Depending on the severity of the bite, the turtle may cause bleeding or infection. Serious injury is rare, but every bit possible.

These reptiles are not aggressive when left alone, but there are some myths surrounding them that lead people to fear them.

These reptiles have jaws that can stretch up to ten inches long and have a thousand-pound bite force. If you come across a wild alligator snapping turtle, never approach it or handle it.

What do Alligator Snappers eat?

Alligator Snappers spend most of their time in the water, but they may emerge to nest. Their preferred habitat is deep, murky freshwater systems. Their diets vary, but they have been known to eat small mammals, molluscs, large insects, rodents and fish.

The most active times for Alligator Snappers are during the night. They are ambush predators and often eat small fish. They can stay submerged for up to 50 minutes!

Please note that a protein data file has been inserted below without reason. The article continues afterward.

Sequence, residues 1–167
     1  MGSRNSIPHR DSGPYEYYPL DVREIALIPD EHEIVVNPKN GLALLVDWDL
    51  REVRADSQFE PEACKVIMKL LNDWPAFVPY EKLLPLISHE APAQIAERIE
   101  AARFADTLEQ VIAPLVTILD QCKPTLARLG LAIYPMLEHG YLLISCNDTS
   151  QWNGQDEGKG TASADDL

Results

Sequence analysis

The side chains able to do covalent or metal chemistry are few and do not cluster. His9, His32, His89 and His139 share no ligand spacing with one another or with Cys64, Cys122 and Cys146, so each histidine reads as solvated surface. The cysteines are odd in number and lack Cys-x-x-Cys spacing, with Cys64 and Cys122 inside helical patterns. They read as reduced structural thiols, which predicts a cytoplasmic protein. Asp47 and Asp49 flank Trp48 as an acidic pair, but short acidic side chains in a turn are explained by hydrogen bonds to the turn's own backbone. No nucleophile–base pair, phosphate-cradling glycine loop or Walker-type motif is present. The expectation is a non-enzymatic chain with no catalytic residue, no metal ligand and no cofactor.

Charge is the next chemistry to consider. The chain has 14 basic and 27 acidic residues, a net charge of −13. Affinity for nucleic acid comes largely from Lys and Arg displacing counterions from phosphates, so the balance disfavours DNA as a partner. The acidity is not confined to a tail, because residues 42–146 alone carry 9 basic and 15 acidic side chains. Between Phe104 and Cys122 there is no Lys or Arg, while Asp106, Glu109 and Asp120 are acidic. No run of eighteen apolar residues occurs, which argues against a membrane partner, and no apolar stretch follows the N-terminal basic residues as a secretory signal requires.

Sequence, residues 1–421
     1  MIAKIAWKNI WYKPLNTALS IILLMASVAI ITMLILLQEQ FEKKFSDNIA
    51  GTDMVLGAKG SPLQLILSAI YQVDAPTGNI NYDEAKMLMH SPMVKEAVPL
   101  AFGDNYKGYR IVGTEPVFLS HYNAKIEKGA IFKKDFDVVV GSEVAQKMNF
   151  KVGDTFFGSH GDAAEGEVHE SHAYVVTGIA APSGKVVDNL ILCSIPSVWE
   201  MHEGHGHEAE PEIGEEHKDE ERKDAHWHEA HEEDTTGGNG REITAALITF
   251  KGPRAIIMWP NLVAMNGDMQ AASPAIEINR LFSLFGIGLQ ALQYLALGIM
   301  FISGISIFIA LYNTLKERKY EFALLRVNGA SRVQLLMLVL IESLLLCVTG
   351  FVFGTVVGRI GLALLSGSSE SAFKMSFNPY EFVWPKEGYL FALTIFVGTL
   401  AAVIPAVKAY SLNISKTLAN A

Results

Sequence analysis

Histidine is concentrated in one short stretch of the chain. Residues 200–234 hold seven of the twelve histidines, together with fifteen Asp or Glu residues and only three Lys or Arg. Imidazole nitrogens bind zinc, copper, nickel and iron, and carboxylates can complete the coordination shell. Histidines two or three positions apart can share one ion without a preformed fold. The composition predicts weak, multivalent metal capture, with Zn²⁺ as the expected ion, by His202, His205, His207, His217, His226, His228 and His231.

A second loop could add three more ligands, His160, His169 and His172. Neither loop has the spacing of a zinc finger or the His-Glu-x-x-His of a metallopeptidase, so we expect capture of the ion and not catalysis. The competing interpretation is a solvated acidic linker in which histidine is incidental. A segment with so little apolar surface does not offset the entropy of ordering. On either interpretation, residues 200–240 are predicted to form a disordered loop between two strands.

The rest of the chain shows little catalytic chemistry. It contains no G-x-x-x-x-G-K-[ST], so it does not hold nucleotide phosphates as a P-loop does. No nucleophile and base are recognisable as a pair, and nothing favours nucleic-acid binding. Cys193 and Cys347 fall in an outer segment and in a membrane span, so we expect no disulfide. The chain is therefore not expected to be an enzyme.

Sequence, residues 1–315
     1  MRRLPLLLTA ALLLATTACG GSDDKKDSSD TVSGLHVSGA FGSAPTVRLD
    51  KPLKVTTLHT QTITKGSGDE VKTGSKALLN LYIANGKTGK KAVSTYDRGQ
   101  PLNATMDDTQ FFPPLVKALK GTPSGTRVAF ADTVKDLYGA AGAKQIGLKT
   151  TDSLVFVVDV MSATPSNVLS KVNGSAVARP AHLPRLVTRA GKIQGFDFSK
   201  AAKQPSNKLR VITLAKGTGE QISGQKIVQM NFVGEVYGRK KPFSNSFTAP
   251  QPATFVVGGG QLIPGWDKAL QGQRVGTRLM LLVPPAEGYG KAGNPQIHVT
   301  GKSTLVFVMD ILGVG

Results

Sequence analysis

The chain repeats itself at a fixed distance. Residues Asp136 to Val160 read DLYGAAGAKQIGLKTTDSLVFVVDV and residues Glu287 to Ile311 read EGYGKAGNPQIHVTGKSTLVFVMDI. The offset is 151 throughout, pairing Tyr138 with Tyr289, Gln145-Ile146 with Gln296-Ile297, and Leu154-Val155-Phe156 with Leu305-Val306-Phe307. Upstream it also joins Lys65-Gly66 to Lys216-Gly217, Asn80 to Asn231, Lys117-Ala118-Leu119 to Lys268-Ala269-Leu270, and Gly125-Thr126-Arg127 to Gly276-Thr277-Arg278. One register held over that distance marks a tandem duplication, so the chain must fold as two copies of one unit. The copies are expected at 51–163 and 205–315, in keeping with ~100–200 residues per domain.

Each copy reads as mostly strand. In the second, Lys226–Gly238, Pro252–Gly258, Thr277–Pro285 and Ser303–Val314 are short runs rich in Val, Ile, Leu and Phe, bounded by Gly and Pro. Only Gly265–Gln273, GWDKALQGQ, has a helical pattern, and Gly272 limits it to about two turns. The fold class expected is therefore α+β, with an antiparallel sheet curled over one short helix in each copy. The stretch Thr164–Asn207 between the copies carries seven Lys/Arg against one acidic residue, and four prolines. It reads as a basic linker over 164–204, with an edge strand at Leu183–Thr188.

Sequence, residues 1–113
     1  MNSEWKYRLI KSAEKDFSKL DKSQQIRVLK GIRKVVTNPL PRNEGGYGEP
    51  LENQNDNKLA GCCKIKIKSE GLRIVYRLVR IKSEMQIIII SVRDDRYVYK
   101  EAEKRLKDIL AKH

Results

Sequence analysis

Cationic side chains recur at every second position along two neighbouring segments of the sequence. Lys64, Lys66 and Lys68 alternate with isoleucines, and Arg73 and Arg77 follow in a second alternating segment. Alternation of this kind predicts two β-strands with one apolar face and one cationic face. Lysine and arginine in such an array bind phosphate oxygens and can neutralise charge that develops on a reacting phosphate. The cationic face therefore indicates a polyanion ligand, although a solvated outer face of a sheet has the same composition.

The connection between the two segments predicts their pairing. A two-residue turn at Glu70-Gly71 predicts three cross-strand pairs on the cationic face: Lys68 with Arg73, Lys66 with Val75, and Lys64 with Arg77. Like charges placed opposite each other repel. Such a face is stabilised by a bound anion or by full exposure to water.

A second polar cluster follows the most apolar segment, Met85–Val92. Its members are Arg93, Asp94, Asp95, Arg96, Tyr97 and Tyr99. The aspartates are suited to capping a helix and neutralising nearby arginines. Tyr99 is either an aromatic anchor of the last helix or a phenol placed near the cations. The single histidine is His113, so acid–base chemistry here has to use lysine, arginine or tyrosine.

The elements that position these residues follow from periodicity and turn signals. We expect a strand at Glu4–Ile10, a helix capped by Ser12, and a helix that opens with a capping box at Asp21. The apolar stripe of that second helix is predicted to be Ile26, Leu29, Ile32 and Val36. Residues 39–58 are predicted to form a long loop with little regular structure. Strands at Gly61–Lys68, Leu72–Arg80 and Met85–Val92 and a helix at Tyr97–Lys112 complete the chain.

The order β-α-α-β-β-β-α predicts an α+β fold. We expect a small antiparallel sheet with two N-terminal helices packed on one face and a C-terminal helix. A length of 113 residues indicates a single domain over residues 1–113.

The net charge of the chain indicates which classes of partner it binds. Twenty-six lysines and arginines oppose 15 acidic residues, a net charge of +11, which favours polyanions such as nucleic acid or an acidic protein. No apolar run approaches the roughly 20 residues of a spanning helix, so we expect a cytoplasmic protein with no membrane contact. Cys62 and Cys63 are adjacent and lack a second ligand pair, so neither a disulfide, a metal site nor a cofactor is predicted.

The alligator snapper is almost entirely carnivorous. It eats fish, mollusks, amphibians, and carrion. In captivity, it sometimes feeds on Alligators.

Known Alligator Snapper prey items:

  • large insects
  • molluscs
  • fish
  • rodents
  • ducklings
  • snakes
Alligator Snapping Turtle (Macrochelys temminckii)
Young Alligator snapping turtle

Largest Alligator Snapping Turtle ever caught

They’re are many, many stories of monster Snappers being caught – but most are impossible to verify. In fact, most of them seem impossible, period.

One dubious example is the long-standing record of a 403lb turtle caught in Kansas in 1937. I’d have to see this to believe it!

So far, the largest live Alligator Snapper recorded weighed in at 249 lbs. This was the absolute behemoth that lived at the Chicago Shed Aquarium for many years.

The author had the opportunity to visit this turtle as a child, and frankly, I haven’t seen a turtle as huge, impressive, or prehistoric-looking since.